Naturally, Sookie's travails — which involved nearly dying when Bill almost drained her dry and the hospital couldn't find a matching blood type for her (hmmmm ...) — were only a portion of this episode, but they were again the most involving part of the show. She killed Lorena (in one of the most disgusting scenes in the history of the show). She rode in the back of a truck and offered her blood to an ailing Bill to help him recover (a move that nearly resulted in her being killed). She had her visit to the other world, then came back to scream at her once-almost-fiancee. She was even involved in a long standoff with some werewolves that ended with Tara using Sookie's mind-reading powers to take out Alcide's ex-fiancee. (Have I mentioned that I much prefer feisty Tara?) It was an all-around good episode for the character and for actress Anna Paquin, and it once again suggests the series had the right idea by giving the character so much to do in this storyline.

It's not as though there's nothing else going on elsewhere. It just continues to disappoint. For once, the story of Russell and Sophie-Anne got kind of boring, because it delved a little too deeply into vampire politics, with Russell debating authority with the Magister, then finally killing the guy (in another of those patented bloody killings). At the same time, though, this whole thing was filled with a lot of blather that I just didn't find as interesting as I usually do the political sections. Maybe it was the removal from the Sookie storyline, which was really cooking along, that irked me. I suspect, though, that it was all a little overwritten.

Meanwhile, over in Sam land, he infiltrated a dog-fighting ring that was both the new employment office for Johnny Burns from "Deadwood" and something that felt like it was out of a Charlie Daniels Band novelty single. I was glad the Sam plot at least had a little momentum, but he still feels stranded off in some other, far worse show than "True Blood." Similarly, Jason continues to be stuck over in some sort of "Dukes of Hazzard"/"Buffy the Vampire Slayer" hybrid, and while I don't necessarily need these two to be attached to the main story to have fun with their storylines, it would help if they had even an ounce as much drive as the Sookie and Bill storylines have had. I feel slightly weird complaining about this, since Sookie and Bill were my least favorite parts of Seasons 1 and 2, but it's like the writers figured out how to fix their storylines, then summarily forgot how to write for everyone else.

Still, the central storyline is so compelling and the central question of who Sookie is is so fascinating that I couldn't help but like this episode all the same. Was it as good as last week's? No. But it was a fun and gory trip back into the Gothic Southern atmosphere of the show, and any missteps it made were more than canceled out by the over-the-top theatrics of Sookie visiting the other world or Lorena exploding in a pile of giblets or Eric standing the background and brooding over his master plan. I really feel like "True Blood" is building toward something that will be grand, over-the-top fun this season, and I hope it doesn't short circuit on the way there.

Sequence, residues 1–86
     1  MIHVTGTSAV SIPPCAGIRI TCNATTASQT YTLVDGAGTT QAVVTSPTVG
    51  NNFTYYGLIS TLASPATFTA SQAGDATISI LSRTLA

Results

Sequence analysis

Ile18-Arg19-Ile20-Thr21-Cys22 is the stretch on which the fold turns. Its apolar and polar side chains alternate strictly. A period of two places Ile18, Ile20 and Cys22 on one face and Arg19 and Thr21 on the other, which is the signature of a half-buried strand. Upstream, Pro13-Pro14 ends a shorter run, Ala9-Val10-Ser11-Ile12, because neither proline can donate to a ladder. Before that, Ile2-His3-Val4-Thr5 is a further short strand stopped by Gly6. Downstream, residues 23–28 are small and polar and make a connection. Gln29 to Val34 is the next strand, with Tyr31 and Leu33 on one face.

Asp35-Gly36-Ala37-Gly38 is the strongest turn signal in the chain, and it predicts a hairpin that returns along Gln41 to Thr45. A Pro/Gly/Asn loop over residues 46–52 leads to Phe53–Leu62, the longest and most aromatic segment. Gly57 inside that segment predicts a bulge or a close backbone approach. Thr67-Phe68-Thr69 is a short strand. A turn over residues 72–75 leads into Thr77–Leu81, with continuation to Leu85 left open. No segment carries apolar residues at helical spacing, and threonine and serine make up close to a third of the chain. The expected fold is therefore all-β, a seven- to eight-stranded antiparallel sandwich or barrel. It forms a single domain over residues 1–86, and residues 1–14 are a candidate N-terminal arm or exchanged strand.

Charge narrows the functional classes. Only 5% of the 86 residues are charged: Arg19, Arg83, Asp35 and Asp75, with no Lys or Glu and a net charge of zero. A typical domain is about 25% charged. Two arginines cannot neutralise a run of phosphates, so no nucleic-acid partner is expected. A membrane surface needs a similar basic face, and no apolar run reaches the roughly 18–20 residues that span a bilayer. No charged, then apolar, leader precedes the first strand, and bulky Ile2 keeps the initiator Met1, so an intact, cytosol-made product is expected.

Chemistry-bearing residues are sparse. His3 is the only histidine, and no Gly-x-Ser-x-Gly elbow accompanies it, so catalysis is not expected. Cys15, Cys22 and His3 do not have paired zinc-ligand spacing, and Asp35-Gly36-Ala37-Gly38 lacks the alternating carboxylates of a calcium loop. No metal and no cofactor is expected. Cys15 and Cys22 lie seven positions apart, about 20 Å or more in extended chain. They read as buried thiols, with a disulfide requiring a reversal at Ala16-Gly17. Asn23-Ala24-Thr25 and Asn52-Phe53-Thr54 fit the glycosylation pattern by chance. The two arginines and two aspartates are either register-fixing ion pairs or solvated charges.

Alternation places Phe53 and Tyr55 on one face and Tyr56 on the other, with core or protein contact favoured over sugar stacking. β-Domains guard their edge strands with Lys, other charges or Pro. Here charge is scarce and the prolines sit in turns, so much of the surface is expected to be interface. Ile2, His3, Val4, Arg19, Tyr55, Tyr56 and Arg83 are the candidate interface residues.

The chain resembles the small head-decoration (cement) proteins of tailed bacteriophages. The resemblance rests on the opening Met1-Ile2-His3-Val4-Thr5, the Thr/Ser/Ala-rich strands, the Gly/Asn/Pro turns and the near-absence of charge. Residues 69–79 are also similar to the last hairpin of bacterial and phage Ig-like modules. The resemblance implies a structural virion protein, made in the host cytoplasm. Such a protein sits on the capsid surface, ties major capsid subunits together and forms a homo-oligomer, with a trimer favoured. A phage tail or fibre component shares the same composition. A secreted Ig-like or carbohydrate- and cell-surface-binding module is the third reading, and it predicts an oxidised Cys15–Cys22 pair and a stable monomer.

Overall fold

Other thoughts

  • Come to think of it, Eric needs more to do. He was central to a lot of scenes tonight, but it doesn't seem as if he's driving his own fate at this point, and that's central to the character being as entertaining as he can be.
  • Critic Dan Fienberg has described this show as the most "visceral" on TV. After seeing so many people exploding in blood, I'm hard-pressed to disagree.
  • Honestly, after "Buffy," I'm always surprised when a vampire is killed on this show and doesn't explode into dust.
  • This episode was a little shorter than many others this season and felt it. Everything seemed to be going along all pell-mell throughout.
  • If Sookie isn't through with Bill after this latest ordeal, I don't know what I'll do. Their love may be pure or whatever, but there is just no way the two can exist in each other's worlds. Now I'm sounding like Lorena, aren't I?
  • Send me your thoughts, either in comments, in my e-mail, or on my Twitter.
  • "You wouldn't know love if it kicked you in the fangs."
  • "Vampire burrito? For me?"
  • "I never really thought I was smart enough to get depressed, but here I am."

Todd VanDerWerff (follow me on Twitter at @tvoti)

Photo: Brit Morgan plays Debbie on "True Blood." I honestly don't remember seeing this shot in tonight's episode, though HBO insists it was. Credit: HBO.